To train women for wider presence in formal employment, the Maharashtra government has signed a Memorandum of Understanding (MoU) with the Consulate-General of Sweden and the Swedish Chamber of Commerce, India, to launch Kraftsmala, a collective of Swedish companies, to promote gender equality and equity. The MoU was signed on the sidelines of the Magnetic Maharashtra summit Sunday by Secretary, Skill Development, Aseem Gupta and general manager of the Swedish Chamber of Commerce, India, Sara Larsson.
Under Kraftsmala, training would be imparted to 110 women initially for employment in roles such as forklift drivers, warehouse supervisors and assembly operators. The training would include skills such as English language, digital literacy and team-work. The initiative will also team up with the United Nations Development Program and their venture DISHA to train one million women, a plan to be supported by the state government.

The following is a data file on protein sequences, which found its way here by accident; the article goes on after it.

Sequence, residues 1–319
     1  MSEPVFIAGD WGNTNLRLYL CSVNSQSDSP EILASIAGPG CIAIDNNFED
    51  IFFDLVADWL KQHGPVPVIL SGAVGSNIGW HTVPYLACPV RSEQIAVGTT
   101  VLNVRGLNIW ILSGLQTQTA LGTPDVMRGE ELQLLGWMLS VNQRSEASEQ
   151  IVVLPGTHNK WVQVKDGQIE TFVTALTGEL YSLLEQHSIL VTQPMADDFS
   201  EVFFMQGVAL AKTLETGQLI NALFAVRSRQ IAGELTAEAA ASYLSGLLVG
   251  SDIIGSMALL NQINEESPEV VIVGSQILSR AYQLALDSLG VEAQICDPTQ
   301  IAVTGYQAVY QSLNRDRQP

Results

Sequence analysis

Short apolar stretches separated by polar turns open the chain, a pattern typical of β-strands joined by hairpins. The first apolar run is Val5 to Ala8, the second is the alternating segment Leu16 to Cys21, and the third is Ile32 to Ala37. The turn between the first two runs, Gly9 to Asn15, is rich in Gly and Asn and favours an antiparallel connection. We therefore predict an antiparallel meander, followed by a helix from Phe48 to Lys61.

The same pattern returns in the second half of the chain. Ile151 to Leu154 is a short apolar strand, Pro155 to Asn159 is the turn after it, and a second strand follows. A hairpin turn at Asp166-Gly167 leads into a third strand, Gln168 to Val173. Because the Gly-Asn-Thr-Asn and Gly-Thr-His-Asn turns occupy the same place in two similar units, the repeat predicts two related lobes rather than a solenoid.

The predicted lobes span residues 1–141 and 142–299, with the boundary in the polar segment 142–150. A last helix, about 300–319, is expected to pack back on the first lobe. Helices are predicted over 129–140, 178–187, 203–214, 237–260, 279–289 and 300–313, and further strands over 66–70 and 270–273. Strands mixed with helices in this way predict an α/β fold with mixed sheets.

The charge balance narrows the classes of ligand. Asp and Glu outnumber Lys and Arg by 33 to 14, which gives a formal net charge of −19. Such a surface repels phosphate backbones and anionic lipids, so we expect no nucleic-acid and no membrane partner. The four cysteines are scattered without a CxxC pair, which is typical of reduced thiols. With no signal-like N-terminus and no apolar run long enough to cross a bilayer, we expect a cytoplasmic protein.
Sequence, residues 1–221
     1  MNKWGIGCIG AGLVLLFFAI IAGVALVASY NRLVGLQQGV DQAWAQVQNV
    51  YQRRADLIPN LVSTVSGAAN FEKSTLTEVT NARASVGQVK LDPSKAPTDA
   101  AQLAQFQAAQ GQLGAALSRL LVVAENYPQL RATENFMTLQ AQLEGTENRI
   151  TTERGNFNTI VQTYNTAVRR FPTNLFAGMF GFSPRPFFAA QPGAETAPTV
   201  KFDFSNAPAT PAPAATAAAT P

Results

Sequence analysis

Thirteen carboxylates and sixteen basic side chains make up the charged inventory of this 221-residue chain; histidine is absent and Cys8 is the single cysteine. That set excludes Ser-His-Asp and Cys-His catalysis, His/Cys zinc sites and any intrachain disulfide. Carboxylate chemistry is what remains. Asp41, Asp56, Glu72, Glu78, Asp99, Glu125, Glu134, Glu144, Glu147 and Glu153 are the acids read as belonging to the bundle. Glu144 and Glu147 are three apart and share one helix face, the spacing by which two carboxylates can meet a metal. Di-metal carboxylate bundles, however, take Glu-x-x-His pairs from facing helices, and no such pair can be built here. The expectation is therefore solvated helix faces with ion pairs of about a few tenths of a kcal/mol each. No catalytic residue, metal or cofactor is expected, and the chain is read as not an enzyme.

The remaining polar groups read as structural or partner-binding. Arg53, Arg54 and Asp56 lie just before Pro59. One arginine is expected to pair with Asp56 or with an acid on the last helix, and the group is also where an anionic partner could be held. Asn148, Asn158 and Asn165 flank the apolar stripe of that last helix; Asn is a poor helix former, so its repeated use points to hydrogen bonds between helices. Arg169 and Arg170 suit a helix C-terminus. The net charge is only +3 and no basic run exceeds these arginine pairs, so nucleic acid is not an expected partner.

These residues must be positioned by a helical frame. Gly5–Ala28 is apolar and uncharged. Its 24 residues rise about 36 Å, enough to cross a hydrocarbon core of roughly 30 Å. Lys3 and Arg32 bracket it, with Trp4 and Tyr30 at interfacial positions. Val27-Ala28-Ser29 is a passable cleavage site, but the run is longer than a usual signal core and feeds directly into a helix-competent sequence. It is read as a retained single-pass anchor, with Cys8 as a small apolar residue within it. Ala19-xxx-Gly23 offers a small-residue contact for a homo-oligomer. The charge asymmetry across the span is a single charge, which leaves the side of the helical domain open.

Maharashtra Skill Development Minister Sambhaji Patil Nilangekar said the state has the best skilled workforce in the country and this has resulted in the state attracting large FDI. “We also also included safety provisions for women in the recently amended Shops and Establishments Act,” he said.
“Today, only 27 per cent of educated women in India work in the industry, which is less than one fourth of the capacity trained. This number keeps decreasing while it is increasing at the global level. Gender equality is one of the cornerstones of Swedish society. The aim of Sweden’s gender equality policies is to ensure that everyone enjoys the same opportunities, rights and obligations in all areas of life,” said Ulrika Sundberg, Consul-General of Sweden in Mumbai, adding that the ratio of women in Swedish companies spanned from as low as 3 to about 40 per cent.
A study was conducted by the Consulate-General to understand different policies and activities of Swedish companies through their human resources and corporate social responsibility functions. It found out that the skill gap, lack of awareness of employment opportunities, patriarchal mindset and customs defining role and function of women and male dominated workplaces and non-conducive environment for women are some of the reasons for fewer women in formal employment.